In an Internet-dependent nation, the risks of a failed connection, a scrambled upload or a hacked cloud storage account slips into the back regions of daily thoughts and routines. It’s something that happens, but only to other people, right? For you, life goes on without incident. The battery in your car never fails. Your electricity never goes off. And your home data backup system is always up to date. Then, WAM, Yahoo leaks your email password, HP issues warnings of security vulnerabilities in their server monitoring software andDropbox gets hacked via theft of a Dropbox file maintained by a company employee, (according to Iowa’s Information Security office news feed).
The on-the-go mobile cloud user sometimes forgets the reality of Internet-related viruses, data loss and identity theft. Long seasons without complications promote bad security habits. The random bad service connections that briefly hinder Internet transactions become expected and temporary setbacks. Internet users just retry until they are back in the daily grind of:
- Buying online products
- Gaining access into a favorite chat room
- Sending an instant message to a friend
- Dumping non-encrypted online banking details into an iPhone
- OR using cloud storage without regard to practical data management security planning or restrictions.
But one day, perhaps even as you read this article, the convenience of daily computing will crash head-on into the inconvenience of a busted website, a crashed virtual hard drive, or a hacked Dropbox clone and the loss of associated critical personal information.
Protect Your Cloud Storage From Getting Hacked
According to the U.S. Census "2012 Statistical Abstract," between the years 2000 and 2011, the percentage of U.S. adult Internet users climbed by 13.6 percent. The increase between 2011 and 2013 alone essentially makes the U.S. a nation that thrives on daily Internet access. Mobile devices now dominate the wireless communication arena. Remote access to home networks, cloud storage centers and data sharing facilities have become an expected standard. Yet too many users fail to follow reasonable cloud security practices.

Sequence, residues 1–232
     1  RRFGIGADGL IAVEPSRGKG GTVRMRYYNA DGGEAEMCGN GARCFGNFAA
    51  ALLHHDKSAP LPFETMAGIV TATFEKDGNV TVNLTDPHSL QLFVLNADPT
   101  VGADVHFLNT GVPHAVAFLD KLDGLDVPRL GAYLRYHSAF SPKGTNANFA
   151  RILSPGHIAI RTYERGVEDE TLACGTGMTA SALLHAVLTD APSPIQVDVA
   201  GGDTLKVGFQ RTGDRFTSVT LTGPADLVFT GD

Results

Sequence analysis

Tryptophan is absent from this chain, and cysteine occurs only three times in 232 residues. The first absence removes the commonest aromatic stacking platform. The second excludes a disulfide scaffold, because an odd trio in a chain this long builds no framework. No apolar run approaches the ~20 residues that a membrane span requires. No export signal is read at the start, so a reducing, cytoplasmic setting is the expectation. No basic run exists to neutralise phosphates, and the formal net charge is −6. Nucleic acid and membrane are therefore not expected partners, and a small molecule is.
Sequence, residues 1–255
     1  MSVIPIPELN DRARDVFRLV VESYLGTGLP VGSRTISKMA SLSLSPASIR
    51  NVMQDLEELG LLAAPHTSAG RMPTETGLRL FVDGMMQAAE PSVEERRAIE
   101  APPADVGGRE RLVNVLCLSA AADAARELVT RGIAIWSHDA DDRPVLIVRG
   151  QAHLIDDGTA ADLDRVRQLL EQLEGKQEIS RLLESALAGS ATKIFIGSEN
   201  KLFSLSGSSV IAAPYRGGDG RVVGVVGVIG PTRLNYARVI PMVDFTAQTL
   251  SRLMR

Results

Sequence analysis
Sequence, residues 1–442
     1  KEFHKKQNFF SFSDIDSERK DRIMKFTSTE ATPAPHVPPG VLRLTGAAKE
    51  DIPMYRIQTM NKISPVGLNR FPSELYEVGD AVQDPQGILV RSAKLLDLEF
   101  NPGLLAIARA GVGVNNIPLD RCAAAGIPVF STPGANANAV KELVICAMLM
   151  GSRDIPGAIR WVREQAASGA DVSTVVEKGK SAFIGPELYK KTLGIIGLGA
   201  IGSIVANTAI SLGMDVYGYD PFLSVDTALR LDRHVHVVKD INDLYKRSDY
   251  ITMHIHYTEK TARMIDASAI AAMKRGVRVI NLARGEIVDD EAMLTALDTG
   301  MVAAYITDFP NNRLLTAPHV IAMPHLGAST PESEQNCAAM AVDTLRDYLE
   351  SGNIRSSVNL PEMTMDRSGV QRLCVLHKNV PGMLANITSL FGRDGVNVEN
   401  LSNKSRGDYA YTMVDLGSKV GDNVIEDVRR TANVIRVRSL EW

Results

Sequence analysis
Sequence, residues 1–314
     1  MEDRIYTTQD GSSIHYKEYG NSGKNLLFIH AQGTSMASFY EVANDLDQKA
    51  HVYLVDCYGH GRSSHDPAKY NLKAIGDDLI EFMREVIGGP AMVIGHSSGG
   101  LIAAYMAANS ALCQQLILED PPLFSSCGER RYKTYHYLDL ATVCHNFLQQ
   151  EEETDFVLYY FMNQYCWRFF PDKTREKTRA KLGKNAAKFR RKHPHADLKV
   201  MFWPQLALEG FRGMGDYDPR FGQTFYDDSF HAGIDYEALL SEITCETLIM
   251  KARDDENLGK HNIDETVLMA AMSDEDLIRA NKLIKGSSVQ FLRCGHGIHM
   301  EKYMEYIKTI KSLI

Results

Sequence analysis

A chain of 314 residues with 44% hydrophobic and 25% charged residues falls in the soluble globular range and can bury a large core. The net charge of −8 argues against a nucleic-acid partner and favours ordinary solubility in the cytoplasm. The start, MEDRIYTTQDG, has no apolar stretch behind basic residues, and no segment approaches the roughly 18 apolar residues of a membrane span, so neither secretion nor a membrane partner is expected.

Chose your cloud resources carefully. Research Top 10 Cloud Storage’s online storage knowledge base. Review Privacy and TOU documents. Compare security features as well as functional features. Between 2008 and mid-year 2013, FBI convictions for identity theft-related crimes recovered $4.6 billion in loss funds and resulted in $78.6 billion in restitutions, according to FBI.gov. Common Internet-related frauds include non-delivery of ordered merchandise, investment scams, and data theft. You cannot afford to use the Internet or cloud services and cloud storage facilities without knowing how to avoid cloud-related disasters
The cloud is not invincible, but you can increase your protection. These tips, condensed from the cloud storage pages of the Federal Cloud Computing Information division of Cloud CIO, are for you. The focus is on consistent and timely backups and highly encrypted file storage. Also, make sure that your CSP provides the right backup service features.
Critical Backup Service Features
- Login Validation
- The Latest and the Best Encryption For Data Transfers
- Data "Versioning"
- Options for Both Full System and Snapshot Backups
- Clearly Defined and Simplified Management Function
- Automated and Scheduled Backup Functions
- Capacity to Perform Online File Backup
- Multi-platform Support Features That Ensure Easy Portability To a Different CSP
- Simplified Replication and Multi-side Storage Options.
Finally, and as a special note for personal identity protection:
Do not store critical financial data or social security numbers in your computer, on the cloud, or on your private home network. Period.